When working from home, you’ll find Emily in one of two OOTD. When she feels particularly unmotivated but needs to work, she will be ridiculously over-the-top dressed, wearing something like the Kimberly Top paired with the Fortescue Trousers. This puts her in the mindset of a powerful business woman. Otherwise, she slips into track pants or boyfriend jeans and one of her oldest, most comfortable T-shirts.
Sallyanne is the owner and designer of Astille: a high-end women’s wear label that focuses on top-notch tailoring and quality. She describes her pieces as “vintage-inspired and personality-fuelled and with a European edge”.
On a normal day prior to isolation, you would find Sallyanne spending quite a bit of time at the gym or with her daughter, Phoebe, and her 10-week-old baby boy, Freddie. She also loves to spend time hanging with her friends or taking her poodle, Audrey, to the park. She works hard keeping her finger firmly on the fashion pulse, researching ideas for new collections and designs, browsing WGSN, reading fashion articles, trending sights, and watching what is being worn on the streets.
Since isolation, her routine has stayed is almost unaffected, as she adapts to these changes. She has set up a home gym and subscribed to online versions of her favorite exercise classes. A couple of times a week Zooms her friends and visits her daughter and grandson. Apart from establishing more healthy routines to stay fit and motivated and spending more quality time with her husband, her life remains almost the same.
Isolation does, however, call for more careful planning, reflection and deep thought for the future. Sallyanne has been busy planning and strategising for the future of Astille. She has spent a lot of time perfecting tasks she was not happy with such as CADS and learning to render properly in Illustrator. She has also focused on compiling a list of influencers and public figures that Astille could be a good fit for.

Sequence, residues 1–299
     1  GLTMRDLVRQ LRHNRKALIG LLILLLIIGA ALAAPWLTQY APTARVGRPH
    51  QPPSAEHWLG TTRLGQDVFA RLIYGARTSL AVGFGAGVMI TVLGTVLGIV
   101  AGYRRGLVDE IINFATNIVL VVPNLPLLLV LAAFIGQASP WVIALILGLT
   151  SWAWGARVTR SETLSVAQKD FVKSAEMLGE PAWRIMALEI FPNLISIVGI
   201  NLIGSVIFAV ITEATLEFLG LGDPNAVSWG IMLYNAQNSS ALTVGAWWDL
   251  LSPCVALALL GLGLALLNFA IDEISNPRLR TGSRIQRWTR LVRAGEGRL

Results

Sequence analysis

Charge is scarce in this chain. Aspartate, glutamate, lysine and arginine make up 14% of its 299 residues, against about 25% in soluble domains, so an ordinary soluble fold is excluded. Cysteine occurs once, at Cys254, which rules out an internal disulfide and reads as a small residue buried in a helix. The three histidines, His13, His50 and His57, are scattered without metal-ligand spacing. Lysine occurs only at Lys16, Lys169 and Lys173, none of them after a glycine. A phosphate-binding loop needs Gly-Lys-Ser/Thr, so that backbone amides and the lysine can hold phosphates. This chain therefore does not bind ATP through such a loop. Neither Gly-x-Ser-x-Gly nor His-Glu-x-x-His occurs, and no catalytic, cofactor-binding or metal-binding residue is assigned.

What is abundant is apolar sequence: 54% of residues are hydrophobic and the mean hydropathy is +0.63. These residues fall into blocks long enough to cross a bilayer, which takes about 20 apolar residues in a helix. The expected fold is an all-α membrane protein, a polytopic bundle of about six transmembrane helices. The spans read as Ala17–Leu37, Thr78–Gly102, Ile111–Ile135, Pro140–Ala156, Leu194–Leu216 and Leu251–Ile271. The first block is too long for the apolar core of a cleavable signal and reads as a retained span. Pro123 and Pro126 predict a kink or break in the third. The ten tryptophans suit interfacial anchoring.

Taking another step forward, Sallyanne has invested in a print course and believes it will be a great way to experiment and build up inspiration for future collections. On top of that, she has also enrolled in the MOMA Fashion and Design Course.
Sallyanne’s iso OOTD is an effortlessly chic combination of jeans, a classic t-shirt and sneakers. She switches it up when venturing out, choosing to slip into a boiler-suit or something equally comfy. Though she loves to design dresses, she only wears them herself on special occasions.
Helena Rose is a bespoke bridal and headwear designer. In her free time during isolation she finds that she is doing the same things – just with much more time!
Her excitement and motivation for this borrowed time has her days filled with….
- Swimming which she feels keeps her sane
- Exercising and taking walks between tasks
- Enjoying never-ending beadwork at night over a movie or MasterChef episode
- Making head pieces